It’s been months since Donald Trump held a real press conference. Aside from a couple of interviews, with The New York Times and 60 Minutes, the president-elect has limited his remarks to a few jokes with reporters, preferring to continue communicating via Twitter.
His messages are, as always, eccentric — deliberately unfiltered and barely considered, an apparently uncontrolled stream of consciousness — in an obvious design to create a direct, uninhibited, “authentic” relationship with Americans, unmediated by journalists. This extravagance, if there was any need for further clues, confirms that the Trump administration entrusted with the country Jan. 20 has literally no precedent.
And so everyone is beginning to grapple with the magnitude of this incredible and regrettable novelty, without the benefit of previous experience and without coming to normalize the fact of a tycoon-chairman managing the most powerful office on Earth: the White House. Indeed, the Trump presidency will be in perfect continuity with the Trump candidacy; the president will be a businessman.
Even the next press conference, set for Wednesday, seems to have been scheduled as a distraction from the day’s main events: confirmation hearings for key cabinet positions and discussions of the repeal — without any substitution — of Obamacare.
By coinciding those initiatives with Trump’s first press conference, the Senate committees should be able to ratify their measures without too much curiosity from the media. By Senate President Mitch McConnell’s calculations, the new president will be in great position to begin “new era” from Day One.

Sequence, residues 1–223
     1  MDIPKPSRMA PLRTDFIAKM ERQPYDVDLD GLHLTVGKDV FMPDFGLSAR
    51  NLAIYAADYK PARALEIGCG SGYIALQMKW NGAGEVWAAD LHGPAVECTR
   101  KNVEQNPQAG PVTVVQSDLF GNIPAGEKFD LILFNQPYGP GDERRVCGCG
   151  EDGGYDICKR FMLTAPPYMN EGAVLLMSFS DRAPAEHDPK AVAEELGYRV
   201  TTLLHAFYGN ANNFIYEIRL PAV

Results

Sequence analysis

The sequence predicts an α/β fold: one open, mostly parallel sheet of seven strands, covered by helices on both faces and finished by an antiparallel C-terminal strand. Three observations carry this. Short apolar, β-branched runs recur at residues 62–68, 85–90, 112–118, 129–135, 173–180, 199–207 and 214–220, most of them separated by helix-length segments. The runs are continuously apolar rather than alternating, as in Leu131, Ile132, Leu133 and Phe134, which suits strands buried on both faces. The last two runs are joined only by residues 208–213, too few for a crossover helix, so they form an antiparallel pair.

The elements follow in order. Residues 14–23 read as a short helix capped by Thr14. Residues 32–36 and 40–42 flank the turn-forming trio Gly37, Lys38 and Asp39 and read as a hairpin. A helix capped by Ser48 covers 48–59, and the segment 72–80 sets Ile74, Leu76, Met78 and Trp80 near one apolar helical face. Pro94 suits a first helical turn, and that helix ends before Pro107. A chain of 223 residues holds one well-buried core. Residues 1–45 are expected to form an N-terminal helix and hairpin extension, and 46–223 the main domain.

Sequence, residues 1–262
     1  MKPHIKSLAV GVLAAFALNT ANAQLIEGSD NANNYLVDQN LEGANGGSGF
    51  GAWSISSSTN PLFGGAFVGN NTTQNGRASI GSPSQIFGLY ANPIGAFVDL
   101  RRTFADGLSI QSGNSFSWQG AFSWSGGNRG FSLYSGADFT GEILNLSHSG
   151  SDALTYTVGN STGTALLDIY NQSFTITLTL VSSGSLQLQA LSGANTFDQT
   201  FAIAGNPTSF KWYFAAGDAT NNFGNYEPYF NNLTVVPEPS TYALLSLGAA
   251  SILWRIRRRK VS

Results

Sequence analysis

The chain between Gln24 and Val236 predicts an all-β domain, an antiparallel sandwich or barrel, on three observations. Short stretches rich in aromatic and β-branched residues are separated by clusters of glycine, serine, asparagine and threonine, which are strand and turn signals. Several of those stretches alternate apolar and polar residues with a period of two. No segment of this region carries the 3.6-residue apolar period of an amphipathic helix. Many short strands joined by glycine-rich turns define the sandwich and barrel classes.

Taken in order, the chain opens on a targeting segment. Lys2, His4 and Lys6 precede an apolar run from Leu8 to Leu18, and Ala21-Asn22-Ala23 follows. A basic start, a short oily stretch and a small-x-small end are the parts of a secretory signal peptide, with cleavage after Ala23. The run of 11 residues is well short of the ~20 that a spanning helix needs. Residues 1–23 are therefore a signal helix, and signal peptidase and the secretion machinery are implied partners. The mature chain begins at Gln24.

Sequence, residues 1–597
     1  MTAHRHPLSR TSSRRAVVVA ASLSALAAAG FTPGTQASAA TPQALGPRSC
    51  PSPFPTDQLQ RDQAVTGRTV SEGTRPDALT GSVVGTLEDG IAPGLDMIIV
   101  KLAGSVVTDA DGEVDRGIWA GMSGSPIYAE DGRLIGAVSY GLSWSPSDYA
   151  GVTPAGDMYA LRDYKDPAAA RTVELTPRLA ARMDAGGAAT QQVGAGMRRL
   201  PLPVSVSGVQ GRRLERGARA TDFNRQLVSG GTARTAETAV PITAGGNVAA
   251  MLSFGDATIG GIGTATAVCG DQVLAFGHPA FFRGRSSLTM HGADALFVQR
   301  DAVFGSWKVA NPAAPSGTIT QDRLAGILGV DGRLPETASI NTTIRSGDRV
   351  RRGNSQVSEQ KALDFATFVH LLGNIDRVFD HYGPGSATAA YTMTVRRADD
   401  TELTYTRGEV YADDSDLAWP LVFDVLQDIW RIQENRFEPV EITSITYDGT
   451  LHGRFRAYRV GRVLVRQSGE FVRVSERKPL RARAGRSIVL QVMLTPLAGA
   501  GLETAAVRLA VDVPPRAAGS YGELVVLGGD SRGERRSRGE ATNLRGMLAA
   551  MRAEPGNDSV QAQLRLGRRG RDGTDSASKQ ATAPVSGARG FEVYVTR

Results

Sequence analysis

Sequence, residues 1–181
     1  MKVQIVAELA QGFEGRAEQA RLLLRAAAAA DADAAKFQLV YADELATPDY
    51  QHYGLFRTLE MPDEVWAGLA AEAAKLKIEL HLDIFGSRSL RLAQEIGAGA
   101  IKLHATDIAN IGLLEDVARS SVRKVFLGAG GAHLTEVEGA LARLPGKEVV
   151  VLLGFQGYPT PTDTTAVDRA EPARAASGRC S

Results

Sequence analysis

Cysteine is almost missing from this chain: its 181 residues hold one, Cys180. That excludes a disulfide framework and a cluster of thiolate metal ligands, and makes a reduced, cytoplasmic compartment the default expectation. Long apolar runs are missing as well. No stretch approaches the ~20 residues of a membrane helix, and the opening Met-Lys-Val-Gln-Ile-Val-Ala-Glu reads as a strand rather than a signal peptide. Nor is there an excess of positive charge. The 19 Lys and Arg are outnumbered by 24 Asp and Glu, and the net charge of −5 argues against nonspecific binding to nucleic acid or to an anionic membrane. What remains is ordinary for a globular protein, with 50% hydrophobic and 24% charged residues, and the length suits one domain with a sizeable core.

What happens in Congress will be of great political relevance — much more than Trump’s impromptu thoughts uploaded to Twitter or those we’ll hear on Wednesday at his press conference. The new cabinet is a dynamite stick of political destruction, unleashed upon the reformational work, with all its limitations and inadequacies, of the Obama administration.
These hearings are therefore a delicate moment for the new president and for the Republican leadership, which is now aligned with or even subordinate to Trump, despite being the object of his ridicule at times even more than Clinton.
In particular, the Republican majority wants to shore up the appointment of Rex Tillerson to Secretary of State. The ExxonMobil CEO is considered vulnerable because of his personal relationship with Vladimir Putin. In some preliminary, private meetings with representatives, Tillerson apparently promised he’s prepared to use harsh tactics with the Kremlin. But will he also affirm this in the public hearing? And will he confirm he’s willing to maintain sanctions against Moscow for its intervention in Ukraine?
It’s obvious that these questions will acquire more weight as the surreal controversy intensifies surrounding the Russian espionage services helping to bring Trump to the White House. One should not underestimate the fact that, in the hierarchy of power, the Secretary of State is the number three and, in the event the president and vice president are rendered unable to execute their duties, he is the commander-in-chief.
But will everything go as Trump and McConnell hope? Such tension is building around the tangled relations with Russia and Putin that, despite the Republicans’ calculations, Wednesday could descend into chaos, a rodeo laying bare the dangerous improvisations of a tycoon-turned-president and the bizarre company of billionaires and/or reactionaries he surrounds himself with.
In the shadow of all this is Barack Obama’s farewell speech, set for 9 p.m. Tuesday. The master orator will put all his talent on display to mark the difference between what Americans will leave behind and what lays ahead of them, but especially to dash the fragile mechanics in store for the following day.